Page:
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Razer Nari Review

The Razer Nari review: An impressive headset with plenty of features for PS4 and PC. gamers


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If it sits within your budget, the Razer Nari is a definite choice for those looking to purchase a new gaming headset. It’s smartly designed, attractive and sporting all of the elements you’d expect from a peripheral at this price point.


  • Smart and attractive design
  • Impressive audio and microphone
  • Plenty of customisation features
  • Battery life is good for long sessions


  • Can feel surprisingly loose on your head
  • Microphone could feel more sturdy

Key Specifications

  • Review Price: £149.99
  • 24 hour battery life (14 with Chroma lighting)
  • Wireless and wired PS4/PC Support
  • 50mm audio drivers

What is the Razer Nari?

The Razer Nari is a gaming headset priced at £149.99, establishing itself as a premium peripheral with all of the aesthetics you’d expect from the popular brand. Renowned for its striking pitch black and venom green colour combination, this is a headset that will take pride of place in any serious setup.

And it isn’t all about visuals – the Razer Nari delivers on the fronts of audio and oodles of distinct customisation options that help cater to your specific preferences. While lacking the haptic vibration of the Nari Ultimate, this base model still stands up against the competition as a fiercely impressive headset.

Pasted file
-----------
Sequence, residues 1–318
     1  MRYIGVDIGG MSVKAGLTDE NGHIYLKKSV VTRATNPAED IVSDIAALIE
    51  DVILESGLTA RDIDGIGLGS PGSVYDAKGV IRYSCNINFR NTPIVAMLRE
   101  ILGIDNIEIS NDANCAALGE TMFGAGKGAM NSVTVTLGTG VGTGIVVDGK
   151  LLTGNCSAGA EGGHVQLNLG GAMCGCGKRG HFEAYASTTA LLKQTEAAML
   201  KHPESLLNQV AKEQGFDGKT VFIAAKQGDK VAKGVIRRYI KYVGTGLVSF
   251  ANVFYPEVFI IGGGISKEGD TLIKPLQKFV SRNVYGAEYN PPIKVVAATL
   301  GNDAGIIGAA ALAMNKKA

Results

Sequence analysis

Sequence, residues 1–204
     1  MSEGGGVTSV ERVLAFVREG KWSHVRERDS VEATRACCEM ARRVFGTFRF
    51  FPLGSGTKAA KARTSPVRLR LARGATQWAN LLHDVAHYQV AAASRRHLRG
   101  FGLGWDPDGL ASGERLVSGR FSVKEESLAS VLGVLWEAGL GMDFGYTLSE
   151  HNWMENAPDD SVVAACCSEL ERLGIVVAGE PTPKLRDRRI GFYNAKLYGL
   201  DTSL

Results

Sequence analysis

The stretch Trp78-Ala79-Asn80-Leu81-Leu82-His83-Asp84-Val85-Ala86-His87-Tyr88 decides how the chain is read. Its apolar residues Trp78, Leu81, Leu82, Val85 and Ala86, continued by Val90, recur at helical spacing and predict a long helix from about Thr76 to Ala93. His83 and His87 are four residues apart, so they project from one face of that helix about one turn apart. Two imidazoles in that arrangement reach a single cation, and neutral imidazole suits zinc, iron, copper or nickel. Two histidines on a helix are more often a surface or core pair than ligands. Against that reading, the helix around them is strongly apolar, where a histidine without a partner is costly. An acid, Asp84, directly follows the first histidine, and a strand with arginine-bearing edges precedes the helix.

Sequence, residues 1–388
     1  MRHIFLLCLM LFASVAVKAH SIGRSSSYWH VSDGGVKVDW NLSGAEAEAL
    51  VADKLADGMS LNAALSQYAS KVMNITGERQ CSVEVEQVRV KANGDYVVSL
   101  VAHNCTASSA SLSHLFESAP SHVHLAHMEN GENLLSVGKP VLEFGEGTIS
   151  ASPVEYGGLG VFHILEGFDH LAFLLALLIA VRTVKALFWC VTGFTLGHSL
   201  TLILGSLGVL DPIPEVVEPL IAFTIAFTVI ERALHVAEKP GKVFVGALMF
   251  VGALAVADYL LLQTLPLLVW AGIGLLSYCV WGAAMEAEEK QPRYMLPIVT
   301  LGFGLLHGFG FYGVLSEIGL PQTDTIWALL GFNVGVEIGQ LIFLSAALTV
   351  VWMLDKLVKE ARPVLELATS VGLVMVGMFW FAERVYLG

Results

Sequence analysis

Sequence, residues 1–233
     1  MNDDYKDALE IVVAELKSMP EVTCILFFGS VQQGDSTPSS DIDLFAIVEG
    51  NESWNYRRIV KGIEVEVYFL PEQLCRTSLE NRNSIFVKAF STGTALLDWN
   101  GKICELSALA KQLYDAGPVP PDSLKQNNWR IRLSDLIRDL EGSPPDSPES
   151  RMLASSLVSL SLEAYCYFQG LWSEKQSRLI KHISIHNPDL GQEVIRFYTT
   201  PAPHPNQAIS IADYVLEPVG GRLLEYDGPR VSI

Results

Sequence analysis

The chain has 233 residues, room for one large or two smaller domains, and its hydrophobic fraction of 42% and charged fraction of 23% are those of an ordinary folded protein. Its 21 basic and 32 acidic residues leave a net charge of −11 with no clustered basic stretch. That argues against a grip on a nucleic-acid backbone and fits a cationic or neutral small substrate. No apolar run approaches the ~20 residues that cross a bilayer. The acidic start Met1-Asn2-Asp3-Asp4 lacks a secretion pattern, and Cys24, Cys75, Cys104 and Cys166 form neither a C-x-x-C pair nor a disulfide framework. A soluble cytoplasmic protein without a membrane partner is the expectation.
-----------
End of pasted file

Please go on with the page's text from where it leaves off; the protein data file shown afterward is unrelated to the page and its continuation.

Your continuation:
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Razer Nari Headset

The pitch black design might not be for everyone

Razer Nari – Design

Like many other Razer products, the Nari headset is entirely black with slightly different shades present across the entire device. This brooding colour scheme won’t be for everyone, but it’s perfectly suited for the fluorescent RGB lighting located in each ear cup.

These can be customised to your liking with Razer Synapse, a bespoke programme that will prompt an install once the Nari is linked to a PC or laptop. I found there to be a surprisingly generous range of options for customising the lighting, audio balance and even sensitivity of the wireless microphone, gradually fiddling with things until I found a preset that worked.

It’s quick and easy to use, although you will need to set up an account to gain proper access to everything. I did encounter a few issues where the microphone wouldn’t respond without Synapse being open in the background, or I was being received far too quietly during multiplayer sessions. But these were temporary issues, having only emerged as small teething errors.

The headphones themselves are made up of a somewhat hollow plastic extending into a more robust headband consisting of both a softer material and metal. It’s easily adjustable and perhaps a little too flimsy when resting on your head before finding a position that really fits you.